Highlights from the report, "Public Sees U.S. Power Declining as Support for Global Engagement Slips." For the first time in nearly a half century of polling, a majority agrees that the United States should mind its own business internationally.
Growing numbers of Americans believe that U.S. global power and prestige are in decline. And support for U.S. global engagement has fallen. Yet, despite these reservations, most Americans say greater U.S. involvement in the global economy is a good thing.
A new report from the World Economic Forum ranks the 10 most important global trends, based on a poll of 1,592 leaders from academia, business, government, and non-profits. Here are some data points that compare and contrast the public’s views around the world with the trends identified by the experts. 1. Rising societal tensions in […]
One of the most striking findings from a recent Pew Research Center survey of general publics across the globe was the degree to which people see the gap between rich and poor as a major challenge. In 31 of 39 nations, half or more of those polled said inequality is a very big problem in their country.
Swedish academic Hans Rosling uses advanced graphics and display technology to show how billions of people worldwide have escaped extreme poverty.
Although China's trade ties with and economic influence on its Asian and Pacific Rim neighbors are greater than ever, that's doesn't automatically translate into warmer feelings toward the People's Republic among publics in the region.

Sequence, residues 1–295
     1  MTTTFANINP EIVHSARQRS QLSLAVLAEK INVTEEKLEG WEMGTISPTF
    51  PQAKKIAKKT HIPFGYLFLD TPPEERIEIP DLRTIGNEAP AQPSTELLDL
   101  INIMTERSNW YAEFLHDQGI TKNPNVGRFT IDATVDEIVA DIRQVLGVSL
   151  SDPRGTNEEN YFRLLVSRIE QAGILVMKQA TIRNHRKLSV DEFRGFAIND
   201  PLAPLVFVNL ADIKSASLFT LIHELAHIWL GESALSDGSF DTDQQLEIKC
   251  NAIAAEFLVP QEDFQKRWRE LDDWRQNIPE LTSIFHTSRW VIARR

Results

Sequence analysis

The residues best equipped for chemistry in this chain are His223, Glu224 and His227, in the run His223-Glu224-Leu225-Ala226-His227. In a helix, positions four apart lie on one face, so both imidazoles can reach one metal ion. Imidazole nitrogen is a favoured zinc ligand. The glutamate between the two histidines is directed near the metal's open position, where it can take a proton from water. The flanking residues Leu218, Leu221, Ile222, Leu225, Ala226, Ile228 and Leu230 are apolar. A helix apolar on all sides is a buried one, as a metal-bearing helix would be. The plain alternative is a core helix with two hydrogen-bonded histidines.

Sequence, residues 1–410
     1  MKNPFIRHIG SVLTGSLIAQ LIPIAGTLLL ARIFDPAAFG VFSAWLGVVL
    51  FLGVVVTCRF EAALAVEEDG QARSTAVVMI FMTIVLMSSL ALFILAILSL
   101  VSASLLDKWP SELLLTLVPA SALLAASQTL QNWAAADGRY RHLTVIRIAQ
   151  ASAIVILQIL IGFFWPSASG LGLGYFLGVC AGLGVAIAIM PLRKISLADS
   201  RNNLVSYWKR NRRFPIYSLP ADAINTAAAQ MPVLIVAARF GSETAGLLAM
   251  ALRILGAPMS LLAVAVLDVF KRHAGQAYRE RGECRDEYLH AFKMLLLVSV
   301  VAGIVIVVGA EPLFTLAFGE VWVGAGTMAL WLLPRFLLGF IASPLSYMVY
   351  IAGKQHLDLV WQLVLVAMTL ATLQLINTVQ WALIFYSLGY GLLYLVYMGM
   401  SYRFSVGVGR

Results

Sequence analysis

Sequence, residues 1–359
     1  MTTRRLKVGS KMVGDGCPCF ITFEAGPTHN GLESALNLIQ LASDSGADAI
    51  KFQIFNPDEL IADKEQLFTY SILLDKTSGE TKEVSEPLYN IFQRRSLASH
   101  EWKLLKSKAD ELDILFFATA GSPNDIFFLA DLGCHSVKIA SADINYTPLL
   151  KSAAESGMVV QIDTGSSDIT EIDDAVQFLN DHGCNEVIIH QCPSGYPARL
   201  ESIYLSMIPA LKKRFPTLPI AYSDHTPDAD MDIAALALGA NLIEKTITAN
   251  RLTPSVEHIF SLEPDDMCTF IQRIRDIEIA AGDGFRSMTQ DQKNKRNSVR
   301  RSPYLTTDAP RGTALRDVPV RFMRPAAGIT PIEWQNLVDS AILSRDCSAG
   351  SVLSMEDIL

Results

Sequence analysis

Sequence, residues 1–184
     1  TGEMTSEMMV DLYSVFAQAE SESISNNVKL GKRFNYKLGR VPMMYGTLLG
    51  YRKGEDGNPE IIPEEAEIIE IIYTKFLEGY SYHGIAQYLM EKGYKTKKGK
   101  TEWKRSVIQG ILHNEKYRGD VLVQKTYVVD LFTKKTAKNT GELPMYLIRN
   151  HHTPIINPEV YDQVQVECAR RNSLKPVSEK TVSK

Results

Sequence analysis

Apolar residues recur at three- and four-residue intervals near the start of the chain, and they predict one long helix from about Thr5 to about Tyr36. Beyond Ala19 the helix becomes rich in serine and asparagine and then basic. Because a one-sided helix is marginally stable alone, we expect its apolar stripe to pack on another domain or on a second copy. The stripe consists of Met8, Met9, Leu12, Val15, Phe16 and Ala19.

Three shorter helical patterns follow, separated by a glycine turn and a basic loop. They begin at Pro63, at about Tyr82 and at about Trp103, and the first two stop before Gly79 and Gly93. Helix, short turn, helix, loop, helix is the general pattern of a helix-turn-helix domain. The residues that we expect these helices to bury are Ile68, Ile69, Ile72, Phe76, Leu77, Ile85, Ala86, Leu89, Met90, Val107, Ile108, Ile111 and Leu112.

Prime Minister Shinzo Abe’s announcement March 15 that Japan will join negotiations to create a Trans-Pacific Partnership with the U.S. and other Pacific Basin nations won early support from the Japanese people, according to snap surveys following his statement.
Japan’s decision to join negotiations to create a Trans-Pacific Partnership with the United States and other Pacific nations reflects, in part, the sea change in public opinion that has transformed U.S.-Japan relations.
The long-discussed free trade agreement between the United States and the European Union was formally endorsed by President Barack Obama in his State of the Union address to Congress.
Japanese Prime Minister Shinzo Abe travels to Washington this week to meet with President Barack Obama. This will be their first meeting since Abe was chosen for the second time to be prime minister and Obama secured a second term at the end of last year. But how do ties stand between the two countries?